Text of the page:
Disturbing Disney #8: The Whale Who Wanted to Sing at the Met (from Make Mine Music, 1946)

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The Whale Who Wanted to Sing At the Met (1946)

Make Mine Music is the 8th animated feature in the Disney canon and for the most part has been completely forgotten today. Unlike other animated films, which consist of a single story, Make Mine Music is an anthology, that is, it is a collection of unrelated animated shorts that all heavily feature music in some way. The most famous short from this film (in my opinion) is Peter and the Wolf (narrated by Sterling Holloway), but the finale piece is what I’d like to draw to your attention.

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The Whale Who Wanted to Sing at the Met (quite the mouthful to say) concludes Make Mine Music and is without a doubt one of the most disturbing pieces of animation you will ever see. The story is about Willie, a large sperm whale who has the gift of singing grand opera and dreams of starring at the famous Metropolitan Opera in New York City (how a whale would do that I don’t know, but it’s Disney so why not?). As Willie continues to sing for any ships that pass by (or for the local seagulls), word eventually spreads back to the city that there is a whale with tremendous operatic talent. This news reaches the ears of the famed head of the Metropolitan opera, Tetti-Tatti, who quickly (and wrongly) deduces that Willie must have SWALLOWED a talented opera singer, and he must go rescue him straight away!!

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Tetti-Tatti sails out with a harpoon boat to “rescue” the (non-existent) opera singer, and Willie, thinking this is an audition, goes to perform for him. The crew, enthralled by Willie’s singing, does everything they can to stop Tetti-Tatti from firing the harpoon (up to and including sitting on him). We then see a montage of Willie’s operatic career, implying that Tetti-Tatti changed his mind and accepted that Willie COULD sing opera.

But then…just as Willie is performing the role of Mephisto from Faust, we see Tetti-Tatti appear amongst the flames (Mephisto is a devil), harpoon poised to strike…and then he fires!!!! In the midst of his singing Tetti-Tatti fires and KILLS WILLIE!!!!! I mean brutally kills him too, there’s a shot of Willie thrashing away over the sea, harpoon embedded (albeit it’s at a great distance, we can’t see it clearly) and then the sad truth that a great talent has been extinguished forever, on Earth anyway. The “silver lining” is that Willie can sing on forever in Heaven (hence his appearance below as a member of the heavenly choir) but for me that doesn’t make up for the fact that a singing whale was killed, KILLED!!! Up until this point it was just another cartoon, you don’t expect the main character to actually DIE!!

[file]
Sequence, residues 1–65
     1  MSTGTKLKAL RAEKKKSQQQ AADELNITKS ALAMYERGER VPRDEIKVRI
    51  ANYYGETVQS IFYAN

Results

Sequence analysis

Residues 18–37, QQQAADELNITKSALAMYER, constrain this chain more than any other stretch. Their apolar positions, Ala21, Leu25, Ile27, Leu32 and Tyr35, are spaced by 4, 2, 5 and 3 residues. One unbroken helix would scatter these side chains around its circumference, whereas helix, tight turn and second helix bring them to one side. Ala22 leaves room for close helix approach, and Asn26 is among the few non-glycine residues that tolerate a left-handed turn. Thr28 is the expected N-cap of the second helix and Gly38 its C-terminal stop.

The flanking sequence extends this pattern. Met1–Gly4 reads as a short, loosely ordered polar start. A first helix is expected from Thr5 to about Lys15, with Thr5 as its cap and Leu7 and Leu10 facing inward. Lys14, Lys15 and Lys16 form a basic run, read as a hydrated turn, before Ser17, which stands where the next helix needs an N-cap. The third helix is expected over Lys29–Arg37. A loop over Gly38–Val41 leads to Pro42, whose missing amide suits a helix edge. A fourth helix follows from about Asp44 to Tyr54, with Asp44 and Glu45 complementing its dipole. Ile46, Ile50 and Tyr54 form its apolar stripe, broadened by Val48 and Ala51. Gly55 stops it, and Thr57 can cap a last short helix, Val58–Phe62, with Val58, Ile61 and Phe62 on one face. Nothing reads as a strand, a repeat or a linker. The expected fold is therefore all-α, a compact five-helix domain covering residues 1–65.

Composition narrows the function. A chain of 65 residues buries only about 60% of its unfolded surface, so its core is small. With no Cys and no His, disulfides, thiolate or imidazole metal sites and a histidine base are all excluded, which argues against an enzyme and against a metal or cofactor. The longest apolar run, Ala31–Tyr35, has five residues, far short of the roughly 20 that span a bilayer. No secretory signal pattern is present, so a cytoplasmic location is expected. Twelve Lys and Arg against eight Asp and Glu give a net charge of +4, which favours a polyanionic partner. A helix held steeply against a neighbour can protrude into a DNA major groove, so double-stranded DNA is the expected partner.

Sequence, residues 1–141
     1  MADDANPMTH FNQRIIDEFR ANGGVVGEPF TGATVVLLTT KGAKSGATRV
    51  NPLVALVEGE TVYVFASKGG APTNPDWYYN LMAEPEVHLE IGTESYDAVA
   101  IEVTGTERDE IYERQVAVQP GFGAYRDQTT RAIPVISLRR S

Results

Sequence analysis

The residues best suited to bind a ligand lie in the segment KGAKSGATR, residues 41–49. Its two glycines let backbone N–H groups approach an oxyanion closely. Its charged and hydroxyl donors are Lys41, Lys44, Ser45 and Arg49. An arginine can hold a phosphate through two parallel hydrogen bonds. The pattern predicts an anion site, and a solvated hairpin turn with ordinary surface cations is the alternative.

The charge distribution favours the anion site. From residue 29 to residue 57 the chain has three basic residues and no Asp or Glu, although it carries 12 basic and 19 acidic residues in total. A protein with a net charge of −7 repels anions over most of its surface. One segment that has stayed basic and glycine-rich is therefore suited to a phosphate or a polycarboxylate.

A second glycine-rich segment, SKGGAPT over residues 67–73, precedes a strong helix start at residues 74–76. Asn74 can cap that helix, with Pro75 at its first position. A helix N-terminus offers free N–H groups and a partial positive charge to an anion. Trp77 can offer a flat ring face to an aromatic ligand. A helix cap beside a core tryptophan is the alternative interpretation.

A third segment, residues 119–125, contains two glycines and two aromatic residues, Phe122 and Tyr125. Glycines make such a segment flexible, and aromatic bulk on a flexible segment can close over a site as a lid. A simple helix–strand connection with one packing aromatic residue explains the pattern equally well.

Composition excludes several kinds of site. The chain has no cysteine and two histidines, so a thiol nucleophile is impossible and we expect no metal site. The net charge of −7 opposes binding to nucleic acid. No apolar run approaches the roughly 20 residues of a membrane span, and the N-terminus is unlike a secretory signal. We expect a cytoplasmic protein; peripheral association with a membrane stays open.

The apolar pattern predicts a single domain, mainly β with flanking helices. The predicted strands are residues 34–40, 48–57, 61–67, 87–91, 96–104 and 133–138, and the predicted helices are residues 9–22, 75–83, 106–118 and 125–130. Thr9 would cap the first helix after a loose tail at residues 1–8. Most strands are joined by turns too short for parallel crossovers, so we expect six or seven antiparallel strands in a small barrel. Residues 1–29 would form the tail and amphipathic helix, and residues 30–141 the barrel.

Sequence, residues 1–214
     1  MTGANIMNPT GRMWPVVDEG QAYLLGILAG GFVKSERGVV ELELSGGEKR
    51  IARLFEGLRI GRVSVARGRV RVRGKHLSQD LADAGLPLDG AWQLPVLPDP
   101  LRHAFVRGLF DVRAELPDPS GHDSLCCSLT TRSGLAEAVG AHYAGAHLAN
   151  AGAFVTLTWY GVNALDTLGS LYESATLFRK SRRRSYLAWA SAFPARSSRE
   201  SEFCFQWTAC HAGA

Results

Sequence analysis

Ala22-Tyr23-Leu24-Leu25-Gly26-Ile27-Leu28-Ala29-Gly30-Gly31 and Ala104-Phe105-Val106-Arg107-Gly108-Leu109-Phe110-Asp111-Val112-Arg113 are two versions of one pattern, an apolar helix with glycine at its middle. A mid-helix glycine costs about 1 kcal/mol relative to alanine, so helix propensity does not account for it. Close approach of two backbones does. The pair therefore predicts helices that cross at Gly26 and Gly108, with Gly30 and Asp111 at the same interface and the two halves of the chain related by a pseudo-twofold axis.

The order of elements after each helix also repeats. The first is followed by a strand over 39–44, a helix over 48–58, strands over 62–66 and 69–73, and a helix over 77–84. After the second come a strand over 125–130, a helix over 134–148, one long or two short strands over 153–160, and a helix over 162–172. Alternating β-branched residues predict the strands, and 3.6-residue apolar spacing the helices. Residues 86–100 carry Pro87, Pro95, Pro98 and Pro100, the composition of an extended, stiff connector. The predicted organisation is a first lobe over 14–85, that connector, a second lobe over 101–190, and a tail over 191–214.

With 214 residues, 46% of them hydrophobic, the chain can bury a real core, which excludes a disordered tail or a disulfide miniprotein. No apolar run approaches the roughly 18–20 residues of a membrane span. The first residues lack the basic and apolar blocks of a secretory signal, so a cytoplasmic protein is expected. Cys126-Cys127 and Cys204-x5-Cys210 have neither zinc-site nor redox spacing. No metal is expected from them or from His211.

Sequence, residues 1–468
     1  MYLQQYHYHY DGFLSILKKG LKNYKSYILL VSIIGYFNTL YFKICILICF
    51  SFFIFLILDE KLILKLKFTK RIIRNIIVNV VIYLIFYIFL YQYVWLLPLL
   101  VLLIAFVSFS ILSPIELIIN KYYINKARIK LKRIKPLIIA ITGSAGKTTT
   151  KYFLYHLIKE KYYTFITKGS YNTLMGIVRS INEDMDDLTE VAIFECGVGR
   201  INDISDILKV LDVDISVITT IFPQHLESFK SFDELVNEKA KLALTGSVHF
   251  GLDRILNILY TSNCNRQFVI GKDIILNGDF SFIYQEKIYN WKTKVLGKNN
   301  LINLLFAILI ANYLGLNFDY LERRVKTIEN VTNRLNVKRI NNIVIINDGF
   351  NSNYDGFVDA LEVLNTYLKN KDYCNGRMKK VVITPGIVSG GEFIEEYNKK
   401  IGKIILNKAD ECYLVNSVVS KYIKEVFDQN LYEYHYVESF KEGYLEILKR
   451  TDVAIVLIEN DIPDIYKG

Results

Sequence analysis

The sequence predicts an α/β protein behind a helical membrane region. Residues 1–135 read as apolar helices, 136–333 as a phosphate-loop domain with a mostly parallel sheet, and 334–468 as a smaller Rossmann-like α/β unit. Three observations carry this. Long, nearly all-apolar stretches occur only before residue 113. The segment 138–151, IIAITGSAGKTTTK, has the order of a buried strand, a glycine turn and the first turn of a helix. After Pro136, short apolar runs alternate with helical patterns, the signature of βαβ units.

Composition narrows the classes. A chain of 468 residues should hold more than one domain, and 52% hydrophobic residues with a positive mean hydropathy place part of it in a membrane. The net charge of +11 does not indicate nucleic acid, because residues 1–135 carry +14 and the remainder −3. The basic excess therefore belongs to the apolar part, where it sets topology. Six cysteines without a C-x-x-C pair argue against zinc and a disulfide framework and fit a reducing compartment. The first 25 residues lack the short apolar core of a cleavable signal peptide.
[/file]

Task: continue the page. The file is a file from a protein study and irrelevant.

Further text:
13Yes, I know they called the story “tragic” from the outset, but “tragic” doesn’t have to equal death. I mean come on Disney!! Let me tell you, when I first saw this, the ending traumatized me, and that’s why this story belongs in the list of “Disturbing Disney.”

I am dying of curiosity to know what you think of this cartoon (I’ve provided a link at the top) and of the ending. Did it disturb you just as much as it does me? Please let me know in the comments below.

For more Disturbing Disney, see also:

Disturbing Disney #1: The Coachman in Pinocchio (1940)

Disturbing Disney #2: The truth of Pleasure Island in Pinocchio (1940)

Disturbing Disney #3: Escaping Monstro from Pinocchio (1940)

Disturbing Disney #4: Dumbo loses his mother (1941)

Disturbing Disney #5 The death of Bambi’s Mother

Disturbing Disney #6: Faline vs. the dogs (1942)

Disturbing Disney #7: Cruella wants to do WHAT??

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3 thoughts on “Disturbing Disney #8: The Whale Who Wanted to Sing at the Met (from Make Mine Music, 1946)

  1. Benjamin Fastnedge

    The earlier Disney musical shorts are quite a world away from the full length Disney feature films. Make Mine Music, Melody Time et al are not necessarily easy watches for a casual viewer but there some nice stories to be found in the collection. (Ben Fastnedge)

    Liked by 1 person

    Reply

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